Aureole is a sustainable clothing label started by Aditi Mohoni in February 2017. Before she made her foray into slow fashion, Aditi was a lawyer in family court, overseeing divorce cases for six years. “It was quite a depressing profession,” she admits. So how did she end up launching a label committed to conscious clothing?
“Owning a store is something I dreamt of since I was five!” she quips. But as a lawyer with no background in fashion, it was easier said than done. Aditi elaborates, “I was so alien to the idea since I wasn’t from this industry at all.” At 27, when most people are already chasing big promotions, Aditi considered taking up an internship. Instead, she decided to teach herself, “I’d buy fabrics from local markets and play with designs. There was a tailor in Colaba – he made some of my earliest designs for me. It gave me the confidence and clarity I needed”. A family road trip to Gujarat further cemented the idea. She explains, “For the first time, I saw how fabric was being made. I’d only heard about how women spin yarn for hours to get the right consistency. I was so excited and enamoured by all of it, I decided to do some more research.” She dove headfirst into ethical brands around the world, which in turn inspired Aditi to envision the brand she wanted to build. “I realised that I wanted to create a brand that helped people, enabled communities to do better and at the same time was environment-friendly.” Thus, the journey of Aureole began.
In its earliest days, Aditi operated Aureole from the courtroom. “I would be in court, and get calls asking about sizes of tops and dresses!” she laughs. Aureole may be a niche brand, but it has its fair share of loyal customers who keep coming back to the brand and share a special relationship with Aditi and her partner Kunal. Aditi explains what truly sets Aureole apart, “Through Aureole, we wanted to create something that’s pure – like a bright white light. We put a lot of heart in what we do. I just love every step of the process of creating. We have built a very healthy relationship with the people who are behind what we do – our weavers, production team, we all enjoy this space together. If you order a dress from Aureole, you know the person who has woven the fabric as well as made the design. Because we want people to know that it’s not just another piece of garment that they’re buying.”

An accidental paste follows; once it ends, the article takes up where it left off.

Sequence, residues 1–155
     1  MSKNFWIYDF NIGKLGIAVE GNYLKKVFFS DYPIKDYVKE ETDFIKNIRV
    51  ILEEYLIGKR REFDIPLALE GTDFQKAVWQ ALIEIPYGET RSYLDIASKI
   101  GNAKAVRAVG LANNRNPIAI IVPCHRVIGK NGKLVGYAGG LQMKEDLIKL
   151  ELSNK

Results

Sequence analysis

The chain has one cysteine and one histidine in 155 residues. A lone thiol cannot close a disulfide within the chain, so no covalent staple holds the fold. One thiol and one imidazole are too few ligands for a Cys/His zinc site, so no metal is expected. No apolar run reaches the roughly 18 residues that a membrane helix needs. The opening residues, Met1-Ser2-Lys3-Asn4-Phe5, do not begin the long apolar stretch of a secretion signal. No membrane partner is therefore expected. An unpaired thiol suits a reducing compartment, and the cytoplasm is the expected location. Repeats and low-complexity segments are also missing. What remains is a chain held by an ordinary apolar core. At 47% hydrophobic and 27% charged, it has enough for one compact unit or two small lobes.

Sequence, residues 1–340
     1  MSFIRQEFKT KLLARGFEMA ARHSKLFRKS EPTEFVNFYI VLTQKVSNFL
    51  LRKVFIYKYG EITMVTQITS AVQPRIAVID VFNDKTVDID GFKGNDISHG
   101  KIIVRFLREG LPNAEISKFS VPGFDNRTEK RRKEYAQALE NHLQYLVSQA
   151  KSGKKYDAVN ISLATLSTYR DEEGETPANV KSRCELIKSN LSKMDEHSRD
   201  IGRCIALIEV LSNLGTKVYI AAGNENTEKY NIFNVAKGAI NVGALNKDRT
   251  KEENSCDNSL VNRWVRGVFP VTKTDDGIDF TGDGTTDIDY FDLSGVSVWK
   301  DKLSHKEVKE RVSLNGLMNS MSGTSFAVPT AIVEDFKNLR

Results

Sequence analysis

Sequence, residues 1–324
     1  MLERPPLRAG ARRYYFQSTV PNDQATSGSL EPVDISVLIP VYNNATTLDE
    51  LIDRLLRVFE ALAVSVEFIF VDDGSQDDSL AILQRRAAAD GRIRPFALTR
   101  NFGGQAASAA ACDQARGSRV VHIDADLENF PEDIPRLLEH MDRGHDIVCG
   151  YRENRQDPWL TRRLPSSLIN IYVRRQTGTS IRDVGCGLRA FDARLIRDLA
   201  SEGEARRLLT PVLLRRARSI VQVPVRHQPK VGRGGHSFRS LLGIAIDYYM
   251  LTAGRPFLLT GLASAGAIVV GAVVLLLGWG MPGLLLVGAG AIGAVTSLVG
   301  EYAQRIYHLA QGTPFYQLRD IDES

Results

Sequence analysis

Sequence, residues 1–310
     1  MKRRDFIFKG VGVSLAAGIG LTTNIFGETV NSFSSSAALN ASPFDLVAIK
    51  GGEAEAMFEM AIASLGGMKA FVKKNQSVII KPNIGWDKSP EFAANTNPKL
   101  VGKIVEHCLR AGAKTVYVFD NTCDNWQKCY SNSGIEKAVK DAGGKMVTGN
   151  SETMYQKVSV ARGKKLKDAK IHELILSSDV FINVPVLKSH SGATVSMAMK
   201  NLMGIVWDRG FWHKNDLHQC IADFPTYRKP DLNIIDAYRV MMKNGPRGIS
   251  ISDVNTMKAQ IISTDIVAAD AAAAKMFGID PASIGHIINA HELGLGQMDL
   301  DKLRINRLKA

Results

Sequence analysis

We wonder aloud about the challenges of a sustainable brand in this age of lightning fast fashion. “Initially, sourcing fabrics was really challenging. So, we started visiting every textile sourcing centre, and eventually start purchasing from government cooperatives. Then there’s the whole thing about meeting timelines. Because we’re a smaller brand, we’re pushed lower down the priority list by larger cooperatives who are also working with bigger brands. Now, we have a weaver in West Bengal who only weaves for Aureole. He’s one of our partners now. And that’s made the process so much more seamless,” says Aditi.
Between slowing fashion down to save the environment, does she find time for skincare? Aditi replies, “My mantra is to keep it minimal. Use as few products as possible. I shuttle between two cleansers – one recommended by my dermatologist and another called Philosophy. I use a green apple toner after cleansing, and sunscreen when I step out. I make it a point to cleanse my face every evening, once I’m home, and follow it up with a night cream!”
We know Aditi is all about natural skincare, so we ask her for DIYs. She grins, “I do a lot of DIYs for my hair. My favourite is – I blend Apple Cider Vinegar and onion into a paste and massage it on my scalp after shampoo. It soothes my scalp and softens my hair so much!”
Talking about her approach to skincare, Aditi adds, “There’s so much information and so many products out there, it’s easy to spend money on products that have great packaging but don’t really work. But, the more you turn to nature, you learn that all the remedies are right around you. The tips and tricks grandma passed down to us are still the best!” We couldn’t agree any better.